In not so breaking news, Apple is dominating the world of smartphones in the United States demographic. We’ve known for awhile that Apple has a commanding lead in the good ol’ USA, but we haven’t really known the exact extent of Apple’s lead, aside from that fact that a lot of analysts called it a “considerable margin.” Thanks to a new report by Chetan Sharma, an independent mobile analyst, we now have an accurate glimpse of Apple’s Godzilla-like devastation over everyone else currently involved in the U.S. smartphone revenue sector.
I don’t use the term Godzilla-like lightly either, in fact, this might be the first time I’ve ever used it, but in all fairness, these numbers warranted the creation of a new word. Let’s give you a little setup first though. It makes things more dramatic.
According to this analyst, the U.S. smartphone revenue market grew by 3 percent in the quarter-over-quarter scenario, and around 17 percent on a year-over-year basis. Currently, the market sits at a worth of USD 19.9 billion in the third quarter of this year. That’s good for the United States, and proof that smartphones are continuing to grow in popularity across the country.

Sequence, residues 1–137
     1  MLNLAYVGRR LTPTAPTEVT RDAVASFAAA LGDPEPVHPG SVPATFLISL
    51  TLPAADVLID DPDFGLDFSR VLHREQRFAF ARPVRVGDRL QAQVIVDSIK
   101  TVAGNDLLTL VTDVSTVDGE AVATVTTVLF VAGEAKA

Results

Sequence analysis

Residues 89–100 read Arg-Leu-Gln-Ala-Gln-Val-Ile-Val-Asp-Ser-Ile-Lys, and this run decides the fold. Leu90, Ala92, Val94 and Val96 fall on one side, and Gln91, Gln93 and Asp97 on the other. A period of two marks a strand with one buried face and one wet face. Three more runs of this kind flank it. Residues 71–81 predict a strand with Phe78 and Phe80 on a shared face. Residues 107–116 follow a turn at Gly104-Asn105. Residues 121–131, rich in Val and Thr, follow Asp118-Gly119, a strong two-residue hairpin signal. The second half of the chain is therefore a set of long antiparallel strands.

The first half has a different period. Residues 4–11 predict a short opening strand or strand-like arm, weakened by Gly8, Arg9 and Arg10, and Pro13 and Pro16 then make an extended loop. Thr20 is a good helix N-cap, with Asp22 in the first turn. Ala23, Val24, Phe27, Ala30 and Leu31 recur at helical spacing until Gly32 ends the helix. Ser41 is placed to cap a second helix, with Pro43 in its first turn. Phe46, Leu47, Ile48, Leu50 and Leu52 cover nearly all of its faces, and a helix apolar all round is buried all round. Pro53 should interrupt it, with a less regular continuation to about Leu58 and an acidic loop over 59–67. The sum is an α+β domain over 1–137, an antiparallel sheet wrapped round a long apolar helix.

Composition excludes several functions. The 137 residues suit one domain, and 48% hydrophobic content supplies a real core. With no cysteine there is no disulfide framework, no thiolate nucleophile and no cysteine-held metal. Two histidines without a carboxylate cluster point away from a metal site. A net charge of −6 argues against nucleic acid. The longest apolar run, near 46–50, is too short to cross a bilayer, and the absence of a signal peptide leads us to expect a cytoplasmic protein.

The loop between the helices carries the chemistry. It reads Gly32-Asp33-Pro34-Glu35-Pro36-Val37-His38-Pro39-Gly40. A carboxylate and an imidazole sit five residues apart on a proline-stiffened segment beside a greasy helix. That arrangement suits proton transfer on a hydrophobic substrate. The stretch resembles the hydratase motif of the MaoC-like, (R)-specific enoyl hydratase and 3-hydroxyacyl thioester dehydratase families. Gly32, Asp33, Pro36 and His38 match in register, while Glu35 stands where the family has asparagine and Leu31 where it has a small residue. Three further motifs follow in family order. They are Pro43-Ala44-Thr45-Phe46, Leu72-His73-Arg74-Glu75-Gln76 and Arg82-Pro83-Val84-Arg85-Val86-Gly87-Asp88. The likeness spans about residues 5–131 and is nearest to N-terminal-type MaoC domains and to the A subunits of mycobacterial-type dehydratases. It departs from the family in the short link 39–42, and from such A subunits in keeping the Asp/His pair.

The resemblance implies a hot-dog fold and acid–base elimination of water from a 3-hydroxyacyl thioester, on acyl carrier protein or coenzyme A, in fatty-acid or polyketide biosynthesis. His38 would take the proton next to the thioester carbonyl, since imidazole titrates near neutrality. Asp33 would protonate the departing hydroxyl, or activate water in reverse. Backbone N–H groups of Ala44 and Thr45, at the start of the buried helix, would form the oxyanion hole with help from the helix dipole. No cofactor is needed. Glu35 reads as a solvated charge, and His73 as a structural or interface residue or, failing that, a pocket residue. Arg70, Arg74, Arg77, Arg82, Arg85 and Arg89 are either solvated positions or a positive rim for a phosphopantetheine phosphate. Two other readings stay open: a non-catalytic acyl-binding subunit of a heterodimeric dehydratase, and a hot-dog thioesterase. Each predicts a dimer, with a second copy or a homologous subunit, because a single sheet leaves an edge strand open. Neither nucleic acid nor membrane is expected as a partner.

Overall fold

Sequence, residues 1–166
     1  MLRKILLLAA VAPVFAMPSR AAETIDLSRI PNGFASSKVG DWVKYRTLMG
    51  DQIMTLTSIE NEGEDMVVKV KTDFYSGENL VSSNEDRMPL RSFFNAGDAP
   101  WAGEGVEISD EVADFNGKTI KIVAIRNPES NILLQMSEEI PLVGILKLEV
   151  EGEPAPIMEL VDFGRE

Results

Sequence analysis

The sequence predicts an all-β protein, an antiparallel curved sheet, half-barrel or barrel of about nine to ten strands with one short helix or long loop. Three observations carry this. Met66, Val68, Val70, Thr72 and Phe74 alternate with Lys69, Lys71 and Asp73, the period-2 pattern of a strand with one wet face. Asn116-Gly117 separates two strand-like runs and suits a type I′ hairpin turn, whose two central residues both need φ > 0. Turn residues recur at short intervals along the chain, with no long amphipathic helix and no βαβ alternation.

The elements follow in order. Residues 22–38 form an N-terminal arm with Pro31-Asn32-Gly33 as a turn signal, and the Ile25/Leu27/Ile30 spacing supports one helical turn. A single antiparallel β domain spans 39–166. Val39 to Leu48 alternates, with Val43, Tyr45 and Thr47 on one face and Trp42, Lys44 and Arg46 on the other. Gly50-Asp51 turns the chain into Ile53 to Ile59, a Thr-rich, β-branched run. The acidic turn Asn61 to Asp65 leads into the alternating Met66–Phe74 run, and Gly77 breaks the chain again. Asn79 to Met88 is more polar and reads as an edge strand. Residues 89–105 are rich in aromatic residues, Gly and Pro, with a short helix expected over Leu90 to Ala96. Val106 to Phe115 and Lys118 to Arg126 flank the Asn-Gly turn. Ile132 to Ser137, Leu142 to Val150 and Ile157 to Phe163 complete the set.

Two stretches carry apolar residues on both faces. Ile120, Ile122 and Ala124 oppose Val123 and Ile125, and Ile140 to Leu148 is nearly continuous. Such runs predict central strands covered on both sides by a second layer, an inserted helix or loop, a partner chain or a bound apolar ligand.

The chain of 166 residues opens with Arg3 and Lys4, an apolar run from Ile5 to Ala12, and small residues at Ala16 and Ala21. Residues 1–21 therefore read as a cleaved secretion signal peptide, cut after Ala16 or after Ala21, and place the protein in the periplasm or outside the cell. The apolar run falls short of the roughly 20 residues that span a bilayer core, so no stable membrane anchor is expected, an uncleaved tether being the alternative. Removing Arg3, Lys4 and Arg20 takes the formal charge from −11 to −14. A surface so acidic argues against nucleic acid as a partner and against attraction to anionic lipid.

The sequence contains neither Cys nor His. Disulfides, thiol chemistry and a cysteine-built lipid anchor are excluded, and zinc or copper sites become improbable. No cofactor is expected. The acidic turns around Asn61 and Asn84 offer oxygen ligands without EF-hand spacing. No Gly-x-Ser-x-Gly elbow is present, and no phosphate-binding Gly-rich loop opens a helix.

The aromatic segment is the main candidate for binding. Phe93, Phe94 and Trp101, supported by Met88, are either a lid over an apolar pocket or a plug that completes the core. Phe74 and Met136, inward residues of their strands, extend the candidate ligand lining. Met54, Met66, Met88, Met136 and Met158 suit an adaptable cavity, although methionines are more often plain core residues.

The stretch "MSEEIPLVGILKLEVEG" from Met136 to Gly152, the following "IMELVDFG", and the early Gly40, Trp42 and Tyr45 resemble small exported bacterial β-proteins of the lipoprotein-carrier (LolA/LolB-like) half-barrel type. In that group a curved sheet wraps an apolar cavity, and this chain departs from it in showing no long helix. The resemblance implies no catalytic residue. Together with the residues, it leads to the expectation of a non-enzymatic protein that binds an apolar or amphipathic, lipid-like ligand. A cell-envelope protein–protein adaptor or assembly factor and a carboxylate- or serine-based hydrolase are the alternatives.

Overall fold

The Cupertino tech giant shows a meager six percent of the “global unit shipment share.” I say meager in the grand scope of things, as that’s still quite a lot, considering. This is where things get pretty brutal though. Apple owns over 70 percent of the profit share. What does that mean exactly? It means that Apple is suffocating the rest of the competition under its mountainous piles of cash.
Chalk this one up to Apple’s impressive logistics team, a variety of individuals who eat, sleep, and breathe profits. Don’t leave out the developers either though, who have crafted a use-friendly, streamlined product that can be sold for a pretty hefty price (much more than it’s actually being made for). Both of these tactical teams combine forces to put an outright stranglehold on the U.S. market.
This is great for Apple, bad for Microsoft. Everyone knows that Apple’s biggest rival has been struggling to gain a foothold against the Cupertino company’s impressive lineup of OEM products. In short, Microsoft has some catching up to do. Scratch that, they have some miracles to make, if they want to catch up to Apple in the U.S. OEM realm.